*t*= 2Δ*t*, the engulfing boundary was expressed as . Inserting*a*(2Δ*t*) into the power balance relations (equations (2.9) and (2.15)) provided another boundary condition of receptor density*ξ*_{+}(2Δ*t*) at*s*=*a*(2Δ*t*). Using this boundary condition and that specified in step 1, the receptor density,*ξ*(*s*, 2Δ*t*), was obtained by solving the diffusion equations (2.3) and (2.10) using the finite difference method. The diffusion flux,*j*(*s*,2 Δ*t*), and subsequently the engulfing speed, , were derived from equations (2.2) and (2.4).(4) Step 3 was repeated until the prescribed time step

*N*, i.e.*t*=*N*Δ*t*, was reached. Finally,*ξ*(*s*,*t*) was obtained, where*t*≤*N*Δ_{t}.

### 3.2. Faster engulfment of vertically oriented cylindrical nanoparticles

The bending modulus, *κ*, of a typical cell membrane range from 10 to 20 *k*_{B}*T* [32], and the surface tension is approximately 0.005 *k*_{B}*T*/nm^{2} [23]. Young's modulus of the cell is mostly on the order of 10 kPa or less [33]. In this study, Poisson's ratio of the cell was considered to be 0.5 [23]. The binding energy of a single closed ligand–receptor bond *e*_{RL} is approximately 15 *k*_{B}*T* at *T* = 300 K [34]. The diffusion constant of a receptor on the membrane is approximately 10^{4} nm^{2} s^{−1} [34,35]. A previous study [21] has shown that the ratio should range from 0.01 to 0.1. In general, Young's modulus of viral particles and most artificial NPs are much larger than that of a cell. Young's modulus of CNTs is on the order of 1 TPa [36]. Hence, the CNPs were assumed to behave like rigid bodies during cellular uptake. Ligands distributed on the surface of each CNP had typical density values of 5 × 10^{3} µm^{−2} [21].

The relevant parameters adopted in this study on cellular uptake of NPs are summarized in table 1.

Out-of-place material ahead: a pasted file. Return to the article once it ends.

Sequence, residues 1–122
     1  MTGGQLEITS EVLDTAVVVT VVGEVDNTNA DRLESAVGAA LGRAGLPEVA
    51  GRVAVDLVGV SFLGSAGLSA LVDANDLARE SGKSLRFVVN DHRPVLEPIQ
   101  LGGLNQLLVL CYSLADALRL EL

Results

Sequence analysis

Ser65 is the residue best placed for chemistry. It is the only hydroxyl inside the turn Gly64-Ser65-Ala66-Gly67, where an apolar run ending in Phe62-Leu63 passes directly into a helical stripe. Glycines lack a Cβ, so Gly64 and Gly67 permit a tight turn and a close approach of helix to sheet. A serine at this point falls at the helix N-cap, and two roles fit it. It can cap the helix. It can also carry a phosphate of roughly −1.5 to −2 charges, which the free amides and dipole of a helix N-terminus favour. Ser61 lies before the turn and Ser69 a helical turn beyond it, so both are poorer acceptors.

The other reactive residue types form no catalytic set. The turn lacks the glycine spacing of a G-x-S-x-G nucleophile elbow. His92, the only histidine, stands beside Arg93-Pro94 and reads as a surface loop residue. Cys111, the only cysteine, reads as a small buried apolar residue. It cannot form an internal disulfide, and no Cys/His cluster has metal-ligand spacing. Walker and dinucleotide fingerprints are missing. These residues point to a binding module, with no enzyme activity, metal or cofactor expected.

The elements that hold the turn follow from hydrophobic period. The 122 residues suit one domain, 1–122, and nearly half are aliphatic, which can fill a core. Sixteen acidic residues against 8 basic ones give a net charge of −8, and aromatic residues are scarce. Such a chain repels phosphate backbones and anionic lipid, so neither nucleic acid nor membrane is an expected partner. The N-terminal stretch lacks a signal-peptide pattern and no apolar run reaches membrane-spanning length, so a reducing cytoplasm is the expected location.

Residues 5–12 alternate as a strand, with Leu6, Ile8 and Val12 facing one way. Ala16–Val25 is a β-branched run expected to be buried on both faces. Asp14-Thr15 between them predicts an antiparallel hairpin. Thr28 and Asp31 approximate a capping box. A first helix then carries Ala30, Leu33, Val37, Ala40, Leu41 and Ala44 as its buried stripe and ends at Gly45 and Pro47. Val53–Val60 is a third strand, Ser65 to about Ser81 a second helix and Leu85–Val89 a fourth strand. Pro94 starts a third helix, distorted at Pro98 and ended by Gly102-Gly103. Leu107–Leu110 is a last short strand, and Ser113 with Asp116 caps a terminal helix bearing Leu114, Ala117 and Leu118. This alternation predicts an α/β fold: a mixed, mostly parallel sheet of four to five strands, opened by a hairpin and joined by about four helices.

Figure 3 plots the numerically determined normalized engulfment depth, *h*/*R,* as a function of engulfing time for CNPs with radius, *R* = 50 nm, and length, *L* = 500 nm, under horizontal (figure 3*a*) and vertical (figure 3*b*) orientations. Figure 3 shows that the vertically oriented CNP enters the cell with an initial uptake speed close to 0.0133 s^{−1}, which is much faster than that of the horizontally oriented CNP at 2.9 × 10^{−4} s^{−1}.

In the authors' previous study [24], based on a continuum model, for the enveloped virus to enter the host cells, the binding energy of the receptor–ligand complexes drove the engulfment of NPs to overcome the resistance alternatively dominated by membrane deformation and cytoskeleton deformation at different engulfing stages. In this study, the coupling effect between receptor diffusion and elastic deformation was considered. The resistance to CNP engulfment was still found to be initially dominated by membrane deformation, and only later by cytoskeleton deformation. Figure 3 clearly demonstrates that cell stiffness almost did not affect the initial uptake speed, which started to significantly influence the speed only after a certain engulfing depth. This phenomenon may imply that for the engulfment of long CNPs or large NPs, the cytoskeleton process can be crucial if the penetrations are sufficiently deep. By contrast, in tiny spherical NPs, the membrane process rather than cytoskeleton remodelling plays the dominant role.

Figure 3 also shows that a stiffer cell or a stiffer part of a cell can more easily resist the engulfing process after a certain engulfing depth. As has been shown in figure 3*b*, the entry of vertical CNPs can even be completely stopped after a certain engulfing time. This phenomenon mainly depends on the competition between different energy contributions. At higher cell stiffness, the elastic deformation energy of the cytoskeleton will balance more binding energy of ligand–receptor bonds. This behaviour decreases the effective energetic driving force, causing receptor diffusion for engulfment to slow down.

### 3.3. Faster cylindrical nanoparticle engulfment by softer cells or softer parts of a cell